The sneaky political message in Michelle Obama's portrait dress

Barack and Michelle Obama revealed their presidential portraits for the Smithsonian’s National Portrait Gallery on Feb. 12, and while much of the focus was of course on the former president’s — a colorful portrayal of Obama in the foreground of a floral motif by Kehinde Wiley — a handful of covert messages are hidden in the former first lady’s portrait.

Artist Amy Sherald created Michelle Obama’s portrait, in which she wears a custom geometric halter dress designed by Michelle Smith, the creative director at Milly. At first glance, the dress distinguishes Obama by its pattern and cut: It’s a sleeveless print dress with pockets, unlike anything any of her FLOTUS predecessors wore, and evokes the same sense of approachability and sensibility that Obama communicated during her tenure.

“It was an absolute honor to work on Mrs. Obama’s dress for her official presidential portrait. I dressed Mrs.Obama on several occasions while she was in office, and am so grateful to create something that she will forever be remembered in by future generations,” Smith says through a spokesperson to Yahoo Lifestyle. “The modern silhouette of the dress perfectly reflects her forward-thinking sensibility, and I’m thrilled that I get to be a little part of what was such a ground-breaking an positive presidency.”

But it’s Obama’s choice of Milly as a designer that may send the most direct political statement, because Smith is known for her outspoken activism. Last September, she debuted T-shirts commemorating 100 years of Planned Parenthood, for which 100 percent of the proceeds were to benefit the nonprofit women’s health care organization.

At the time, the designer told Yahoo Lifestyle that Trump’s election was a “severe wakeup call to do something,” which inspired her to hand out “Steinem AF” T-shirts at her February 2017 runway show, referencing feminist and political activist Gloria Steinem. “We are aligned with female empowerment, helping others, LGBTQ rights, and we want everybody to know it. We’re not hiding it,” Smith said of Milly. “Now more than ever, if we feel threatened, it’s a time to speak up.”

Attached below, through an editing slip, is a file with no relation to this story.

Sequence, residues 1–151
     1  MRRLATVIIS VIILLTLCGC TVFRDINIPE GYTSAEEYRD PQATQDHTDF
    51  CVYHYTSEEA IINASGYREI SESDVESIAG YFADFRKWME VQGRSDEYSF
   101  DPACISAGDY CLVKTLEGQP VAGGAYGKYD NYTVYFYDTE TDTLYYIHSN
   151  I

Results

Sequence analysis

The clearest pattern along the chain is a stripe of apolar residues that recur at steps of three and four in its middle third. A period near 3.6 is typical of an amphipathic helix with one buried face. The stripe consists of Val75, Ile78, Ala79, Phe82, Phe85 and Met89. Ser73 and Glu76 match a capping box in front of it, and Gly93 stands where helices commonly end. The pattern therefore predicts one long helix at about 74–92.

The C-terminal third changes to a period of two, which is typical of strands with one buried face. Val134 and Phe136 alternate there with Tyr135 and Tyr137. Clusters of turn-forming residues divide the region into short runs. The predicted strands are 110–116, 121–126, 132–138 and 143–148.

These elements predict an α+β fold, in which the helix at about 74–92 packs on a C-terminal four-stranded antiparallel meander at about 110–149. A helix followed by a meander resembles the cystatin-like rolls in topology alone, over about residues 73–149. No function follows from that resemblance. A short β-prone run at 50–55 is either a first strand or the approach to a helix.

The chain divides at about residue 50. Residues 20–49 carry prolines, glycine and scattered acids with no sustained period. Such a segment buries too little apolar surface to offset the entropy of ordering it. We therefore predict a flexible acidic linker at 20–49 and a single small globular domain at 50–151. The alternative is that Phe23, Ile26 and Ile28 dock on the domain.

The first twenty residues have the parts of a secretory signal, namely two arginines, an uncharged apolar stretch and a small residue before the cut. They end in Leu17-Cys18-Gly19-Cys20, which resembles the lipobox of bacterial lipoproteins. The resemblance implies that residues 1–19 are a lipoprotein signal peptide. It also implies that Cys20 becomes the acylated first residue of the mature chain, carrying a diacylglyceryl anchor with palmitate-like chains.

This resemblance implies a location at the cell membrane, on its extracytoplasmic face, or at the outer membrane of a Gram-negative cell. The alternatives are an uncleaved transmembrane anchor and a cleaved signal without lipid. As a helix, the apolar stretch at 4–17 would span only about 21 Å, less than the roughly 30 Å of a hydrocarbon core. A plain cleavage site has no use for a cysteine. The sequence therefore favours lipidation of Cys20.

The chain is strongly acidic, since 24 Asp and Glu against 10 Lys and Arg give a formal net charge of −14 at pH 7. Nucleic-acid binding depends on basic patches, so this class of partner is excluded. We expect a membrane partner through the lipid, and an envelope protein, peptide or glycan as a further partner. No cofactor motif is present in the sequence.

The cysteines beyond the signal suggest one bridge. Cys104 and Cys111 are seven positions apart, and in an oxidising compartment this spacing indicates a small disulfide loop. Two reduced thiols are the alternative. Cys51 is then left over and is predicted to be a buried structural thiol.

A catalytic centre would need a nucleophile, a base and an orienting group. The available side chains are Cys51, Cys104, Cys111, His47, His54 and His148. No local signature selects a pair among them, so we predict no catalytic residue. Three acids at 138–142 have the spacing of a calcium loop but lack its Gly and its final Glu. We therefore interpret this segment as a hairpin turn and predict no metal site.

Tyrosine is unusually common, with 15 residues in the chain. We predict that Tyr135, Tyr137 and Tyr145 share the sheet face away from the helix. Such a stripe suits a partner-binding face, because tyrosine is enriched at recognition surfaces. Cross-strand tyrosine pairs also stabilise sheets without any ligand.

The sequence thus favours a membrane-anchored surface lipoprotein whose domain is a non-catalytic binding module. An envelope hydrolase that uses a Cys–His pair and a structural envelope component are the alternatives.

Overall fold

According to a story in the Washington Post, Smith said that Obama’s dress “is based on one that was in her spring 2017 Milly collection. That season Smith was inspired by a ‘desire for equality, equality in human rights, racial equality, LGBTQ equality,’ she says. One of the recurring elements in the collection were various forms of lacing and ties; the details were meant to suggest a ‘feeling of being held back … that we’re not quite there yet.’ The finish line is still off in the distance.”

It’s not the first time Michelle Obama has worn something from Smith. In her final White House photographs just before President Trump’s inauguration, she wore a black-and-white vertically striped Milly button-up on the staircase with her family’s dogs, Bo and Sunny, warm as ever.

The Obamas themselves may have left the White House, but their choices — both sartorially and otherwise — will continue to communicate their legacy.

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